On Friday, the health minister signed an ordinance increasing the risk level in two regions from Monday, January 17th.

Valle d’Aosta became Italy’s only ‘orange’ zone and Calabria turned ‘yellow’, as the health situation was deemed to be worsening according to the latest weekly health data report published by the health ministry and ISS.

Italy’s health ministry examines the latest figures each week and decides which restrictions should be applied to a region or autonomous province from the following Monday.

EXPLAINED: What are the rules in Italy’s Covid ‘orange’ zones?

“The epidemic is at a delicate stage and a persistent increase in the number of cases and hospitalisations has been observed for several weeks now,” the report stated.

Scientific experts predict that the current wave of contagions sweeping Italy is likely to hit its ‘peak’ in Italy by the end of this week – but have warned that daily case numbers may rise further before this happens.

For more information about Italy’s current Covid-19 health measures please see the Italian health ministry’s website (available in English).

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Italy allows suspended anti-vax doctors to return to work

Italian heathcare staff suspended over their refusal to be vaccinated against Covid-19 can now return to work, Prime Minister Giorgia Meloni confirmed on Monday.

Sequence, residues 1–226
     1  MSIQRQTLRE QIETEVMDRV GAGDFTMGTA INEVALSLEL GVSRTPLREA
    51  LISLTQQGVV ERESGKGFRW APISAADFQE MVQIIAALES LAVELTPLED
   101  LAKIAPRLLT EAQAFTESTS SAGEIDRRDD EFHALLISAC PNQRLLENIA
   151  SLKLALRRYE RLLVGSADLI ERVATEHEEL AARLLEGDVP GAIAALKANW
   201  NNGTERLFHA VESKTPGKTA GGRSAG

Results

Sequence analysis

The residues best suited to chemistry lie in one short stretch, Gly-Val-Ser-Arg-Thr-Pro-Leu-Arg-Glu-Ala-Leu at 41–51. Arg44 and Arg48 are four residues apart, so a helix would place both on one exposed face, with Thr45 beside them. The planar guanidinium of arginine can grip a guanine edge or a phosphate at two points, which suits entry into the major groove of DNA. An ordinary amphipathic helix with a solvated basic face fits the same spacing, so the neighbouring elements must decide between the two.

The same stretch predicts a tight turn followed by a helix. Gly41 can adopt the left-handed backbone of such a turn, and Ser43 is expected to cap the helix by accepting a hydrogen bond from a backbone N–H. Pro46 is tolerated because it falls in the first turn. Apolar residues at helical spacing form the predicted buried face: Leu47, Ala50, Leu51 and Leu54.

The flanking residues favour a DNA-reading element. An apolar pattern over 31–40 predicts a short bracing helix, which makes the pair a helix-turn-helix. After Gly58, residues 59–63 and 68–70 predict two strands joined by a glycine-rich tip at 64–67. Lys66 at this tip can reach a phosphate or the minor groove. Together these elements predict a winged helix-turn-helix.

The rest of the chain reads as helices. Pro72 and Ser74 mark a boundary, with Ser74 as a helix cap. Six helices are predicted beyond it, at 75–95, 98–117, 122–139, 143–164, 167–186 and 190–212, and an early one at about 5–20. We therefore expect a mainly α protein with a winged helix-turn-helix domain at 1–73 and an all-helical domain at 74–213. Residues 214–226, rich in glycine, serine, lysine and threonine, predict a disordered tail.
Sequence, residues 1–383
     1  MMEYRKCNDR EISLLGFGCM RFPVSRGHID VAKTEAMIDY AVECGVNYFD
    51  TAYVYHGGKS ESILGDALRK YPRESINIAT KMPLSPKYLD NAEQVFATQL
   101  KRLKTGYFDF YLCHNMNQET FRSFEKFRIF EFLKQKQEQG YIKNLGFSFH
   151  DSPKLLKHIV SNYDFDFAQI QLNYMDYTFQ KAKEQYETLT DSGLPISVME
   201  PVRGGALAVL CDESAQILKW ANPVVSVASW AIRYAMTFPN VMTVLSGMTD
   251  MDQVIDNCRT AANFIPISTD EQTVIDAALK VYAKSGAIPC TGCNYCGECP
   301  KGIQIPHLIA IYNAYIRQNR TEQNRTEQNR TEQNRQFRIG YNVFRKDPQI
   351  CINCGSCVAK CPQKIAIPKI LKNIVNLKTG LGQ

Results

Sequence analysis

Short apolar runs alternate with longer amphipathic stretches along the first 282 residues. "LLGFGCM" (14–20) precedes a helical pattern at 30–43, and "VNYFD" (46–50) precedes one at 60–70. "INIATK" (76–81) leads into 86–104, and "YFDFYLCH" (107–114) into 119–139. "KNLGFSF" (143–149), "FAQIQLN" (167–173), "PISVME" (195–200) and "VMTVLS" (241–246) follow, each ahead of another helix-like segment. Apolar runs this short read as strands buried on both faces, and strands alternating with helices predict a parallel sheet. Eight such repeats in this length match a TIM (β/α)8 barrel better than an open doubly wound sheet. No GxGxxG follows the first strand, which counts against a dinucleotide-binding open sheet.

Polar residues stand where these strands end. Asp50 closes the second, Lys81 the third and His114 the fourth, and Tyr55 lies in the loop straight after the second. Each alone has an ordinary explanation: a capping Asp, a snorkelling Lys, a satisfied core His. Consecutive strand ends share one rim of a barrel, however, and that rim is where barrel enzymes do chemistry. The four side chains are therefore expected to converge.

Italy allows suspended anti-vax doctors to return to work

Italy become the first country in Europe to make it obligatory for healthcare workers to be vaccinated, ruling in 2021 that they must have the jab or be transferred to other roles or suspended without pay.

That obligation had been set to expire in December, but was brought forward to Tuesday due to “a shortage of medical and health personnel”, Health Minister Orazio Schillaci said.

READ ALSO: Is Italy’s government planning to scrap all Covid measures?

Italy was the first European country to be hit hard by the coronavirus pandemic in early 2020, and has since registered nearly 180,000 deaths.

Schillaci first announced the plan to scrap the rule on Friday in a statement saying data showed the virus’ impact on hospitals  “is now limited”.

Those who refuse vaccination will be “reintegrated” into the workforce before the rule expires at the end of this year, as part of what the minister called a “gradual return to normality”.

Meloni said the move, which has been criticised by the centre-left as a win for anti-vax campaigners, would mean some 4,000 healthcare workers can return to work.

This includes some 1,579 doctors and dentists refusing vaccination, according to records at the end of October, representing 0.3 percent of all those registered with Italy’s National Federation of the Orders of Physicians, Surgeons and Dentists (Fnomceo) 

Meloni’s post-fascist Brothers of Italy party railed against the way Mario Draghi’s government handled the pandemic, when it was the main opposition party, and she promised to use her first cabinet meetings to mark a clear break in policies with her predecessor.